By Bob Lawson, Founder of Sustainable Digital
How many aging nonprofit websites have you seen lately?
The sites are four, six, or even 10 years old and apparently nothing has changed for that entire time. It’s not good. Certainly the organizations behind the sites have changed in that period of time. But the websites have not.
The problem is that websites are expensive to create and they’re more expensive still to update. And so they are left to age.
Let’s have a look at the causes of this problem.
Content Management Systems, or CMSs, form the skeleton on which websites are built. It is what a web developer uses to initially build your site and it is what you use to update and grow your website over time. Almost all sites now use a CMS, so naturally, the selection of a CMS is extremely important.
Some CMSs make it easy for nontechnical people to make changes to the site. Other CMSs are not so good. Having a CMS that is good at this means the difference between paying a web developer to make changes to your site (over and over again) and making those changes yourself.
WordPress, it is estimated, powers nearly a third of all websites. It has grown so popular for good reason. It’s good software and it is supported by a large group of programmers and companies that supply it with design templates and plugins.
WordPress is good, but now there are new competitors nipping at its heals. These new competitors, including such systems as SquareSpace, are able to offer people the ability to manage their own websites. And this is something quite valuable, indeed.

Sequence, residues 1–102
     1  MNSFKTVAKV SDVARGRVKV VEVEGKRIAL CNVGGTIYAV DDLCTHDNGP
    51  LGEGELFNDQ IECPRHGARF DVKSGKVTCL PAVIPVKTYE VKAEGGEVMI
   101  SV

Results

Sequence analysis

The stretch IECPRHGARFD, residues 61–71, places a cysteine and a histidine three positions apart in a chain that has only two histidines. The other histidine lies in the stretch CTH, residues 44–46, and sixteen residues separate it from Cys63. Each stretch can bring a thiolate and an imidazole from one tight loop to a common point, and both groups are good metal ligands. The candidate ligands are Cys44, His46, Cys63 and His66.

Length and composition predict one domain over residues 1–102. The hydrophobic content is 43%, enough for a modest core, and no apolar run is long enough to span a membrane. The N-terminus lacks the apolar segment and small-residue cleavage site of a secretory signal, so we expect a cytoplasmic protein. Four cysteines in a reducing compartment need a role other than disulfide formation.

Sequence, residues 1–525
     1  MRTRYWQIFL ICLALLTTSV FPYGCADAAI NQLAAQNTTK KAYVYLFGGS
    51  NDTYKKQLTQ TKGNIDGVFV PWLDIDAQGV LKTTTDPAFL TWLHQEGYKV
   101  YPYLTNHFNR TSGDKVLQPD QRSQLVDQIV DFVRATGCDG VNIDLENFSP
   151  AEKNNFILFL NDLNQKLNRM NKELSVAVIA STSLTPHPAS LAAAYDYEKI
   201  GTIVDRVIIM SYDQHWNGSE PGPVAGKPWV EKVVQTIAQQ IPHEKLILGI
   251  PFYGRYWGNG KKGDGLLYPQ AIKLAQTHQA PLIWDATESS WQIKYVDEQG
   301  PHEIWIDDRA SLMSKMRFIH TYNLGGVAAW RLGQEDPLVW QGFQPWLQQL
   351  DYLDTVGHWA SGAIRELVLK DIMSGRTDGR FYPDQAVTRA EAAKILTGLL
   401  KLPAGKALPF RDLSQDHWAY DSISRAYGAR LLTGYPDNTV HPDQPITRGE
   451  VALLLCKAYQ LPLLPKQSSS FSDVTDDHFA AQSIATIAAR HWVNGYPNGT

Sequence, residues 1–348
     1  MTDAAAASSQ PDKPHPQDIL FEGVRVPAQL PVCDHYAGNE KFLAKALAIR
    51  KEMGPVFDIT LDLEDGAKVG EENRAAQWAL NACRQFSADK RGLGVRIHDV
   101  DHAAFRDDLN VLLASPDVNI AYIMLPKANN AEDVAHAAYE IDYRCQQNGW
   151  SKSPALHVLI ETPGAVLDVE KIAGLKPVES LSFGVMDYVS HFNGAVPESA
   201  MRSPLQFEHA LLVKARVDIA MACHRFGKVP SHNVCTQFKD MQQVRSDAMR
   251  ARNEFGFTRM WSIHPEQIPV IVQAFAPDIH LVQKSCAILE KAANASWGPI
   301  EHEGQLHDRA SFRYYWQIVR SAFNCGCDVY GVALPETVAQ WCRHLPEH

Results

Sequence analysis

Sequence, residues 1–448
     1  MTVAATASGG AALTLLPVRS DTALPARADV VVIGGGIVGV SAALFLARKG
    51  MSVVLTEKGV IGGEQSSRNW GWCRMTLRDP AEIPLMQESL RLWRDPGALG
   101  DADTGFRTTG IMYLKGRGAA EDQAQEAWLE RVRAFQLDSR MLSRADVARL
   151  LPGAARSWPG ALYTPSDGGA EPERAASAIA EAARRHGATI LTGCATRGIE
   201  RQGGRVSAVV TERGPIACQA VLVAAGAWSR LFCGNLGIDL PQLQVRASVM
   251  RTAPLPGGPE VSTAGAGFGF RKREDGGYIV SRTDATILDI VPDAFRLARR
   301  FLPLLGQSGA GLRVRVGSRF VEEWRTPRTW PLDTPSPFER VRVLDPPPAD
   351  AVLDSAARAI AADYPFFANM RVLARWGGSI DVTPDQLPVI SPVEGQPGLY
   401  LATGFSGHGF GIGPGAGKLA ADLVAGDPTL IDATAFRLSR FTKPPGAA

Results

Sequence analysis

I have nothing against WordPress. It’s a good system that is quite appropriate for more complex needs, and I love that it is Open Source. But the vast majority of websites require nothing complex. What they require is an interface that makes it easy for nontechnical people to make updates. This is where WordPress has trouble and Squarespace shines.
Squarespace gives you an interface that is a bit like PowerPoint. Like many people, I have many complaints about PowerPoint, but one must admit that it is easy to use. If you want text somewhere, you insert a block of text. If you want a photo, you insert it. And once you have them on the screen, you can move them about, change their size, and so on.
Fortunately, Squarespace is more sophisticated than PowerPoint and the final product is much more pleasing, but the process is much the same. You start with a template (and Squarespace has some lovely ones) and then you make the design your own, adding your own photos and text along the way.
If you have some experience in web development, or are willing to spend some late nights in front of your computer, you may be able to do your website all on your own. More likely, you’ll want a web designer to start you off, as she or he will have the design ability and the in-depth knowledge of Squarespace to produce a site that rises well above the ordinary.
After this, you can take over.
Content management systems like Squarespace have changed the nature of web development. This is why I now talk about “web mentoring” rather than “web development.” Mentoring is a process by which I develop a website together with the client. At Sustainable Digital we find that we are now working with clients rather than for them.
This way, when the website is complete, the training of the client is also complete and the client is ready to take over maintenance of the site. It is as much a process of knowledge transfer as it is website development.
And hopefully this will mean the end of old websites.
Bob Lawson is the founder of Sustainable Digital (www.sustainabledigital.com), based in Putney, Vermont. The firm offers digital communication and technology services to nonprofits and international NGOs.